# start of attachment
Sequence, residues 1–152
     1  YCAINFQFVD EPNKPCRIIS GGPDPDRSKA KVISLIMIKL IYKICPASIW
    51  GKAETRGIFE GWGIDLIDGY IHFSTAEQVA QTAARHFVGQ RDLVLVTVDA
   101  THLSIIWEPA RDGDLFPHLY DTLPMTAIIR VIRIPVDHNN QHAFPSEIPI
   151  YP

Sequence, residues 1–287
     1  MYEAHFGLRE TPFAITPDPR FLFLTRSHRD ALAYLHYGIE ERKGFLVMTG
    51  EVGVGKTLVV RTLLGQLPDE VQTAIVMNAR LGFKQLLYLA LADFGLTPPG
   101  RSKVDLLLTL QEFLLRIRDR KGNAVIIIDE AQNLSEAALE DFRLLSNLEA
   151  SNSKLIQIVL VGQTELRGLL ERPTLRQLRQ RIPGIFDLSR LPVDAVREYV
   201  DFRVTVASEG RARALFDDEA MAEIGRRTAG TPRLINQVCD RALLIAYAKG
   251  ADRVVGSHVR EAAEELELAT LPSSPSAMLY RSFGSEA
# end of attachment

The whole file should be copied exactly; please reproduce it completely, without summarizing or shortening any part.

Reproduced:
Sequence, residues 1–152
     1  YCAINFQFVD EPNKPCRIIS GGPDPDRSKA KVISLIMIKL IYKICPASIW
    51  GKAETRGIFE GWGIDLIDGY IHFSTAEQVA QTAARHFVGQ RDLVLVTVDA
   101  THLSIIWEPA RDGDLFPHLY DTLPMTAIIR VIRIPVDHNN QHAFPSEIPI
   151  YP

Sequence, residues 1–287
     1  MYEAHFGLRE TPFAITPDPR FLFLTRSHRD ALAYLHYGIE ERKGFLVMTG
    51  EVGVGKTLVV RTLLGQLPDE VQTAIVMNAR LGFKQLLYLA LADFGLTPPG
   101  RSKVDLLLTL QEFLLRIRDR KGNAVIIIDE AQNLSEAALE DFRLLSNLEA
   151  SNSKLIQIVL VGQTELRGLL ERPTLRQLRQ RIPGIFDLSR LPVDAVREYV
   201  DFRVTVASEG RARALFDDEA MAEIGRRTAG TPRLINQVCD RALLIAYAKG
   251  ADRVVGSHVR EAAEELELAT LPSSPSAMLY RSFGSEA